At its 36th annual Creativity Awards, Salem State honored nine students and five arts luminaries with Creativity Awards and Lifetime Achievements Awards, respectively.
Faculty members from the College of Arts and Sciences in the disciplines of art + design, creative writing, dance, music and theatre nominated students for these awards. Students are recognized for outstanding achievement in their disciplines, and their contributions to the university and the community as artists. Each student was presented with a certificate and monetary award, and each performed, presented a reading, or displaying their artwork.
The individuals honored with the Lifetime Achievement in the Arts Awards are recognized nationally and internationally for substantial contributions to their respective disciplines as artists, educators, and advocates for the next generation of artists. Traditionally, only one award is given out per year, however, in recognition of the opening of the Sophia Gordon Center for Creative and Performing Arts, five awards were presented this year. These are the highest honors in the arts an individual can receive from the university.
“The Creativity Awards and the Lifetime Achievement in the Arts Award are the highest honor we give in recognition of artistic achievement. The awards event is not just a celebration of artistic achievement but also a reminder of the profound impact the arts have on individuals and in our communities,” Karen Gahagan, Director of the Center for Creative and Performing Arts, said.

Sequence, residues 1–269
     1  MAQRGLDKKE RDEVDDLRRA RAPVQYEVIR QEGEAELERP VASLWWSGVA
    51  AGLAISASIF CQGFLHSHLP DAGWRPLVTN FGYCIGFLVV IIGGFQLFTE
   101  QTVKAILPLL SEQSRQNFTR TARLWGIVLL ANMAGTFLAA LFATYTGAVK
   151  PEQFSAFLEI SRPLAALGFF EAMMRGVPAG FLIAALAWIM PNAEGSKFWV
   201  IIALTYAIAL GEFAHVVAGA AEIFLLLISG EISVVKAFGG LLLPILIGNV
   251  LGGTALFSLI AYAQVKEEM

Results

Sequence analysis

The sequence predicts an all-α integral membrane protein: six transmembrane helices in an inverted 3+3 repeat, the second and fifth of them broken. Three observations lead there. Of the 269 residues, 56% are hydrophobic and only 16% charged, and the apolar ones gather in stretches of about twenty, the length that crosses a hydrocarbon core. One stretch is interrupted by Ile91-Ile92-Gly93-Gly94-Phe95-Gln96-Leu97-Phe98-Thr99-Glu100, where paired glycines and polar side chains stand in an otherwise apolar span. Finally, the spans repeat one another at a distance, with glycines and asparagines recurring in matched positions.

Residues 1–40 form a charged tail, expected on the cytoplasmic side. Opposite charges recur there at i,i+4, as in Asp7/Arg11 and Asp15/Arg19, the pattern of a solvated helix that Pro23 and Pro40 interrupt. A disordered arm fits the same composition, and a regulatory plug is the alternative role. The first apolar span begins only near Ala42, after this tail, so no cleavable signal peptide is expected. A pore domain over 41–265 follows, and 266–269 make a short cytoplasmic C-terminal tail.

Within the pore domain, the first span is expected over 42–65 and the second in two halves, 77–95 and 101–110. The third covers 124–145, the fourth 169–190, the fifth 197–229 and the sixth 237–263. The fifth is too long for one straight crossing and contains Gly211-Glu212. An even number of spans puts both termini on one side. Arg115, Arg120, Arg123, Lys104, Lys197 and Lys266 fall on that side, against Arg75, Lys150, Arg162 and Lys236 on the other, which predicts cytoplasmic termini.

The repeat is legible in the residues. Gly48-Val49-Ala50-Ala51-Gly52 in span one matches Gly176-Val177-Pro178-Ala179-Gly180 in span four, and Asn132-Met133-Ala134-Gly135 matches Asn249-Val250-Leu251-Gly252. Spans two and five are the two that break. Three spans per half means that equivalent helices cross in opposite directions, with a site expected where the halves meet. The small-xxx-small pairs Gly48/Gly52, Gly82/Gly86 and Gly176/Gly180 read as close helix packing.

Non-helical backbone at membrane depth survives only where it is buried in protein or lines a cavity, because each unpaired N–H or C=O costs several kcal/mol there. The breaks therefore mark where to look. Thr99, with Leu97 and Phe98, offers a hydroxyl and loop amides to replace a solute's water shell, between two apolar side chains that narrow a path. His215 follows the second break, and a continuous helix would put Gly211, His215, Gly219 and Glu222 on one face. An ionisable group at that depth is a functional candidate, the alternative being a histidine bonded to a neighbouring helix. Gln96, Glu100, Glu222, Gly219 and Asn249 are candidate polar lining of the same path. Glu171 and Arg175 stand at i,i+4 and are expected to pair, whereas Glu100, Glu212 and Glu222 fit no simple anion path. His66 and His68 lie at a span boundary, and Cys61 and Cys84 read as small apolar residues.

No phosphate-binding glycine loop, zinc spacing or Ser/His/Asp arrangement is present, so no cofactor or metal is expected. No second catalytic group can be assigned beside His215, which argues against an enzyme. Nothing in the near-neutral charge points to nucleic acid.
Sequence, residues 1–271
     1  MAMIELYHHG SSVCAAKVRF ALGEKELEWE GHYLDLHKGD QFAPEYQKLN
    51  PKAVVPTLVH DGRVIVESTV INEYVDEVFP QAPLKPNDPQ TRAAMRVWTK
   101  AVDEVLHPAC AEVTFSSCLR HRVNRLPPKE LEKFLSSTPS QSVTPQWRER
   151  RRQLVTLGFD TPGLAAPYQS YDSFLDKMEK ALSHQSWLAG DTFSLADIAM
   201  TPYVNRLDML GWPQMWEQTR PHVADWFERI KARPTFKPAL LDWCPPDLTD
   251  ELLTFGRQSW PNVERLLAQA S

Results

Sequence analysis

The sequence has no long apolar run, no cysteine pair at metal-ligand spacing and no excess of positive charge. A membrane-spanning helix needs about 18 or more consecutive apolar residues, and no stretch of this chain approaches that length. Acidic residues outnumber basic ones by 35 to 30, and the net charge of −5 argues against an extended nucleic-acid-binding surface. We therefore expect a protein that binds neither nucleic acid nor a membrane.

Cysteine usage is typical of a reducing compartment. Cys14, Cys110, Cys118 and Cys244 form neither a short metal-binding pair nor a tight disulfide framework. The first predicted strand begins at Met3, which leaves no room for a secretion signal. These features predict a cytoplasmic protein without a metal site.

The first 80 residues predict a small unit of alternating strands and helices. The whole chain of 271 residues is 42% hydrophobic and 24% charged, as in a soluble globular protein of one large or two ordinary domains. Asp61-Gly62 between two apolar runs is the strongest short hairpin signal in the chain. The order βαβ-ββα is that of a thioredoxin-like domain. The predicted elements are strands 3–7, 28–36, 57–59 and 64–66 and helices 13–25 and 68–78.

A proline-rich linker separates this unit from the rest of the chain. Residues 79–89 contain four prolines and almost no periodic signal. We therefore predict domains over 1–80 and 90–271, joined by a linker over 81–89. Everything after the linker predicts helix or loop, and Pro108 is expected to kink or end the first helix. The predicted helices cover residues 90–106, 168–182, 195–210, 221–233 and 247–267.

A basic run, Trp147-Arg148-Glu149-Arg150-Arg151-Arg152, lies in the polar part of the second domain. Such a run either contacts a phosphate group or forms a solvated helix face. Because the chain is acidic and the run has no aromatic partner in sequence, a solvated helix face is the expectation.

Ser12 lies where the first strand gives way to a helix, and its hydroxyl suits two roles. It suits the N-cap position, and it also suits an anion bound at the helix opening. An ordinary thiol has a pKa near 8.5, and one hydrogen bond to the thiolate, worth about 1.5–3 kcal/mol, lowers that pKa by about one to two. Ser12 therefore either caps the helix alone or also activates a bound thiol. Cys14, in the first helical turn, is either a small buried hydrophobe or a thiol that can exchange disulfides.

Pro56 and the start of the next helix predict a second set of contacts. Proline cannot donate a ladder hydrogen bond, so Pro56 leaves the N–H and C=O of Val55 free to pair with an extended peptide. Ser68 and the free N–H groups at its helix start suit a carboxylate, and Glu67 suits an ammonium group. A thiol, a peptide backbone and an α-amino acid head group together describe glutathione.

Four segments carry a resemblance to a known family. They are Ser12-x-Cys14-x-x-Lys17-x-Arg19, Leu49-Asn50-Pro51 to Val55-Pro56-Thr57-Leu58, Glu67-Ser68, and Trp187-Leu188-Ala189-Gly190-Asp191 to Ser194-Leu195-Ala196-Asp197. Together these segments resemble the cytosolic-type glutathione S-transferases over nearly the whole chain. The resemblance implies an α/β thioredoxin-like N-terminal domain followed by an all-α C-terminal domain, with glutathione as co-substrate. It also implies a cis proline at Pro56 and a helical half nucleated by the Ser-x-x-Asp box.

“Each Lifetime Achievement Award recipient is an educator in their artistic field so we always make it a point to connect them to our students in a larger way, beyond the award ceremony,” according to Gahagan.
Robert Honeysucker, honored for music, performed a concert and taught a master class on campus this spring. Jon Sarkin, artist, will be an artist in residence during the 2017-18 academic year, including a solo exhibition at Salem State this fall. Peter DiMuro, dance, has taught master classes and performed on campus, returning this September for a performance by his company Public Displays of Motion. And Gail Mazur, creative writing, and Tina Packer, theatre, will continue to partner with Salem State in various capacities in the future.
The university anticipates bringing Gail Mazur and Tina Packer back to campus at some point in the coming year.
The students who received Creativity Awards include:
Mark Katz, of Dorchester, is the creator of the Art Box that sits in downtown Salem in front of Tavern on the Square.
Amanda Mark, of Sandwich, is the editor of the Salem State literary magazine “Soundings East,” writer, and an American Government, Law and Policy student. Amanda will be traveling to Washington DC for a summer internship in the Office of U.S. Congressman Bill Keating.
JD Debris, of Boston, was awarded for his creative writing. He is also a musician and performance artist.
Kayleigh Cyr, of Sudbury, and Kelsey Blanchette, of Derry, NH, both were assistant choreographers for the spring 2017 production of “The Drowsy Chaperone.” Both were among a select group of students whose work was performed in the adjudicated section of the American College Dance Association Conference.
Gary Hanson, of Salem, is a composer, arranger, and percussionist, and instructs and arranges for the Salem High School marching band and percussion ensemble.
Stephanie Lento, of North Reading, is a singer and pianist and is teaching at the Real School of Music in Andover and the Fabulous School of Music in Beverly.
Ryan Blaney, of Salisbury, and Krystal Hernandez, of Waltham, both won awards at the Kennedy Center’s American College Theater Festival earlier this year. Ryan won the Excellence in Sound Design award at the national level, and Krystal was named second alternate in the regional Irene Ryan Acting Scholarship Competition.